Description of Historic Place
The Presbyterian Church in Hunter River has a large rectangular sanctuary with a steeply pitched gable roof. A small entrance tower on the east of the building has a conical roof. The church has clapboard and wood shingle siding painted white with decorative horizontal moulding painted black and set underneath the sills of the single and grouped Gothic arch windows.
The church is valued for its elegantly simplistic Gothic Revival style and for its association with the history of the Presbyterian church in Prince Edward Island.
When it opened for services on January 22, 1890, the church was shared by three denominations in Hunter River. Gradually, as members of the Anglican and Church of Scotland denominations declined, the church became exclusively used by members of the Presbyterian faith.
The balanced design of the church is simplistic and clean with many narrow pointed arch Gothic windows. The small side entrance vestibule also has a round arch door. An interesting feature of the building is the open eaves with exposed rafters trimmed for detail.
The land for the church was officially deeded to the trustees of the Hunter River Presbyterian Church on April 6, 1906. It had been owned by James and Sarah Patterson, residents of the oldest homestead in Hunter River.
During the debate over church union in Canada, the Hunter River church became the site of fractious dissent and high drama. When the idea of combining Canada's Presbyterian denomination with those of the Methodist and Congregationalist churches emerged in the early 20th Century, the initial reaction was favourable. In votes held in 1912 and 1915, the churches in the Brookfield Charge (Brookfield, Hunter River, and Hartsville) had strongly supported union.
By the time the union was to become a reality in 1925, the idea was rejected by wide margins in Brookfield and Hartsville. However, in Hunter River, it was rejected by a narrow margin of only 19 to 16. The minister of the day, Rev. Hensley Stavert, was an anti-unionist who rallied those who wished to remain with the continuing Presbyterian Church in Canada. When final voting for union began in May 1925, he refused to abide by the directions of the Island Presbytery, and was accused of obstructing unionist members of his congregation from voting.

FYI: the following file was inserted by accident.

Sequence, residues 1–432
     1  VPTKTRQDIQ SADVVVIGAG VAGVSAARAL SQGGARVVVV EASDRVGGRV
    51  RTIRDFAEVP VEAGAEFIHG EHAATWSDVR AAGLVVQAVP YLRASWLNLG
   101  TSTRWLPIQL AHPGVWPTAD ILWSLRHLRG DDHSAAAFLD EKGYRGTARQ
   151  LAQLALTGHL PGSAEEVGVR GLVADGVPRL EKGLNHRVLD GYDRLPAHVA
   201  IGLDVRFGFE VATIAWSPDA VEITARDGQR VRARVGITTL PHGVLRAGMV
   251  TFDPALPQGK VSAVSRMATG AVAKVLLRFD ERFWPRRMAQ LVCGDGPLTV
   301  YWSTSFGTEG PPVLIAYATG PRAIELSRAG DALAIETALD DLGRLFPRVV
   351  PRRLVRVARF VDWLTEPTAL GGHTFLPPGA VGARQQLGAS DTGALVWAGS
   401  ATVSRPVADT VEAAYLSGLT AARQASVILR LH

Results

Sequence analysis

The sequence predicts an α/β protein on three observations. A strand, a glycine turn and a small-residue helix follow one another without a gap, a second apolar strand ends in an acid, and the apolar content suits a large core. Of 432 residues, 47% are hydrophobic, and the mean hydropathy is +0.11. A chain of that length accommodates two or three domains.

In one of the final votes, he locked the doors of the church to prevent voters from entering. Presbytery moved to remove him from his charge and install a replacement. While Stavert appealed this decision, the new minister, Rev. George Christie, received a hostile reception from anti-unionist members. They eventually locked the building after each service to prevent unionists from using it. An observor of the situation penned a poem around 1925 entitled: "The Triumph of Right" which appeared in the Guardian newspaper. It concluded that Stavert had been unfairly treated.
Eventually, the unionists decided to go next door to worship in the former Methodist Church - which became the United Church. The dramatic events which unfolded among the Presbyterians in Hunter River exhibited how church union was not without controversy in some parts of Canada.
Today, the church has an active congregation and is well maintained with modern additions on the back for meeting space. It is an asset to the streetscape of the Village of Hunter River.
Source: Culture and Heritage Division, PEI Department of Communities, Cultural Affairs and Labour, Charlottetown, PE C1A 7N8
File #: 4310-20/H17
The following character-defining elements illustrate the heritage value of the church:
- the wood frame construction and wood clapboard and shingle cladding
- the multi-paned single and grouped narrow Gothic arch windows
- the steeply pitched gable roof with open soffits and eaves and exposed rafter ends
- the brick chimney
- the decorative horizontal bands painted black and located under the sills of the windows
- the low entrance tower/vestibule with conical shaped roof
- the round arched entrance door in the small tower
- the modern additions at the back of the church